This, in turn, produced teams that, like the 2007/08 title challengers, crumbled under heavy opposition. As Alex Fynn and Kevin Whitcher put in their book “Arsènal: The Making of a Modern Superclub”, Wenger’s young players could not respond to adversity in the way his previous sides had.  “As a result of enhancing the attributes Wenger holds dear […]”, write Flynn and Whitcher, “victory should be the natural consequence, the end product. And with such productive end results winning has become accepted as the norm. Losing is not contemplated and therefore everyone – players and coaches alike – is dumbfounded when it happens. The ‘unbelievable belief’ coined by Paul Merson has a flip side when the faith is punctured. There seems no fallback position from which to regroup. A collective trauma invades the group. It is as if they have forgotten how to lose, or at least how to react positively to defeat, so unexpected is it”.

Even if we’ll never know how the Invincibles would’ve reacted had Henry or Vieira faced injuries like Eduardo or Ramsey did, when you hear them talk about what went down at halftime of that iconic win over Liverpool, it seems unthinkable that they would’ve failed to at least go out fighting. For whatever reason, however, the Emirates era Arsenal lost that competitive edge.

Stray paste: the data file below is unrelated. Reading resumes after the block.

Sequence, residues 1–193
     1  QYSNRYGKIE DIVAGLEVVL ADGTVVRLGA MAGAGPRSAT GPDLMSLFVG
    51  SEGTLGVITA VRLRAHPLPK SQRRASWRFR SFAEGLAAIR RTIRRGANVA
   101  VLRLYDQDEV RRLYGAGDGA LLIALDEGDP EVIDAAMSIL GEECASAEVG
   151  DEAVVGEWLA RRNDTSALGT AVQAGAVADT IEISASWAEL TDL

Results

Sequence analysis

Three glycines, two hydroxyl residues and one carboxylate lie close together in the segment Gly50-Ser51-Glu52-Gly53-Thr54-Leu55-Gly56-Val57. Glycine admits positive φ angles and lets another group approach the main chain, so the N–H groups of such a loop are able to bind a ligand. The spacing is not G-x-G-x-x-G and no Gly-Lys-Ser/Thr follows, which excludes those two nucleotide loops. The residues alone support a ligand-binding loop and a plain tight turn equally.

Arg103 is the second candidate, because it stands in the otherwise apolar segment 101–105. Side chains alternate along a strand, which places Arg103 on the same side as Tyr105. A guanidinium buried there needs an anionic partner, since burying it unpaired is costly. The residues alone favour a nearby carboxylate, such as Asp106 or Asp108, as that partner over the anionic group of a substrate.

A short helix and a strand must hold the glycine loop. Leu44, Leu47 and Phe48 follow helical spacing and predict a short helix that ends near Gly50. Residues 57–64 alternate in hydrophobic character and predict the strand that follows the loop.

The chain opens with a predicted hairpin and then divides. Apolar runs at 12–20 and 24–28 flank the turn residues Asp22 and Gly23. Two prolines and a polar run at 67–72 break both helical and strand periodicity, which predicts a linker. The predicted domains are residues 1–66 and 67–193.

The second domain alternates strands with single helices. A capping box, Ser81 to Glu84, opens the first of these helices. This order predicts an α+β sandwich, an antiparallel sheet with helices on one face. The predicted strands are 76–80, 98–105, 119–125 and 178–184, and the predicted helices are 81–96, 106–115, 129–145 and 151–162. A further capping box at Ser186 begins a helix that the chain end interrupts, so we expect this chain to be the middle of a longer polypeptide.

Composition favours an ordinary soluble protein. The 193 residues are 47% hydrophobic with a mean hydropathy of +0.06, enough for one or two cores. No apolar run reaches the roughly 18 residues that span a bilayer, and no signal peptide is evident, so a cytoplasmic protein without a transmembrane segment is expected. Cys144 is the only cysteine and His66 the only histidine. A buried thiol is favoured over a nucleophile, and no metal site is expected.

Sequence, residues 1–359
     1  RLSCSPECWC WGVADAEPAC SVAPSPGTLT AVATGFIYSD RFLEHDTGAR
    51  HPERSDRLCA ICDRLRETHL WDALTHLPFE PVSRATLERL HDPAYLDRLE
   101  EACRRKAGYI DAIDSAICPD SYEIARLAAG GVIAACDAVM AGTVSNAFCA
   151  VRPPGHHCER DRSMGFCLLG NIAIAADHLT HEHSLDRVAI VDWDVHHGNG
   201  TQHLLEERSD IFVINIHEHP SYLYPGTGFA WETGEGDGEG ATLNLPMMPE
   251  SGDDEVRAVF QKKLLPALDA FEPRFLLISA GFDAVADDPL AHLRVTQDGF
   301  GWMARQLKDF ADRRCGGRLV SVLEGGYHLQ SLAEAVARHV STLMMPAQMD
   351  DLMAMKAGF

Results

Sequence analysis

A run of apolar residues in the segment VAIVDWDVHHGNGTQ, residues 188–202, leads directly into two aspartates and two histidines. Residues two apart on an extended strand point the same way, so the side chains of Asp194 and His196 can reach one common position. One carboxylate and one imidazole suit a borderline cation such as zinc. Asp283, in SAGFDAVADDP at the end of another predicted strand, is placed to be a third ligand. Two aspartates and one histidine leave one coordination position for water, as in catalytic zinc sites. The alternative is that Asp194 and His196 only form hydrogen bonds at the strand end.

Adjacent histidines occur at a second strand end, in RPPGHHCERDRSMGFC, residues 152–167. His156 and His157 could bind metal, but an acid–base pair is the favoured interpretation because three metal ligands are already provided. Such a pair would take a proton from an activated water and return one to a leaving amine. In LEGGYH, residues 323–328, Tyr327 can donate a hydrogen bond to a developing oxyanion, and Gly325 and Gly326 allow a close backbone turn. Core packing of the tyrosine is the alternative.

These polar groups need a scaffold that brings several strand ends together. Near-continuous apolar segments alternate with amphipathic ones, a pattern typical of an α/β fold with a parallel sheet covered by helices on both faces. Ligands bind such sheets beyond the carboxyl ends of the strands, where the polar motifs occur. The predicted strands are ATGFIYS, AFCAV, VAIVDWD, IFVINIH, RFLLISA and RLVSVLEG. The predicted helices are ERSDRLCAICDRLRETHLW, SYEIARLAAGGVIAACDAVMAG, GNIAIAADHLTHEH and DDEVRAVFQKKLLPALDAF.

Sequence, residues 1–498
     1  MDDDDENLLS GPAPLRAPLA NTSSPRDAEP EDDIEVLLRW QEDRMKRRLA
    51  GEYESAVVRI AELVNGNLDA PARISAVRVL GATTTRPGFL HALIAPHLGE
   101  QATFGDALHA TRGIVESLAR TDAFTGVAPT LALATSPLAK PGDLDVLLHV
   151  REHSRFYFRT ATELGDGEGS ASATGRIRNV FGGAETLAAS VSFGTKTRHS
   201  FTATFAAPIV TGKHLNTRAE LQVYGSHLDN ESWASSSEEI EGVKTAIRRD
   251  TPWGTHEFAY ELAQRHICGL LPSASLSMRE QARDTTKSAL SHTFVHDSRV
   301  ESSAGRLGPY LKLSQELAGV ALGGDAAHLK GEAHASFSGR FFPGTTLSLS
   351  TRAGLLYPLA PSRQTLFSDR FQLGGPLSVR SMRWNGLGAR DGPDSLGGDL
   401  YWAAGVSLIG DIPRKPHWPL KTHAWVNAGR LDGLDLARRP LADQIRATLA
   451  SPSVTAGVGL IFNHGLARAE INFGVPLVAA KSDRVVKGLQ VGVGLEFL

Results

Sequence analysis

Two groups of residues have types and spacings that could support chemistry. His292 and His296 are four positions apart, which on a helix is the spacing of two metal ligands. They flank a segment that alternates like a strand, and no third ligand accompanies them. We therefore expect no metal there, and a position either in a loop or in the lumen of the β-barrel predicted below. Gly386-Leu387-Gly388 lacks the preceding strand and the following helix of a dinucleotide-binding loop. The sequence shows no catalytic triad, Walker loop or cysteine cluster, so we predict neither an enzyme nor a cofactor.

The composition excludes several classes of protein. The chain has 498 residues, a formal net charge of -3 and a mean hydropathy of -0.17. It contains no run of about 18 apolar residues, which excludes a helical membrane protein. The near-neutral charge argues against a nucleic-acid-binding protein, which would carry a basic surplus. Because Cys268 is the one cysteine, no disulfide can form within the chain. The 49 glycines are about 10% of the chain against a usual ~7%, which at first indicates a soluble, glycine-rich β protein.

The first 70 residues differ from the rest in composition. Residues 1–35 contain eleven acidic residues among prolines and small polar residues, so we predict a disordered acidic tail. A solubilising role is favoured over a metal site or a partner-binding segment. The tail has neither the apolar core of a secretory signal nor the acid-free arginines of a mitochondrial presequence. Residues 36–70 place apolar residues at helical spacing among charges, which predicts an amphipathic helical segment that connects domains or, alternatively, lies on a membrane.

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Still, the economical struggles and injuries cast a veil over all of that. Who was to say Wenger hadn’t had his hands tied right at the moment when he was about to sign the one player to make it all work again? Who was to say the likes of Nasri, Fàbregas, Song or Van Persie weren’t sold just as they were finally ready to overcome the naivety that had robbed them of success? Who was to say without so many injuries to key players those sides wouldn’t have risen to the challenge? When the curtain raised, however, things didn’t look much better.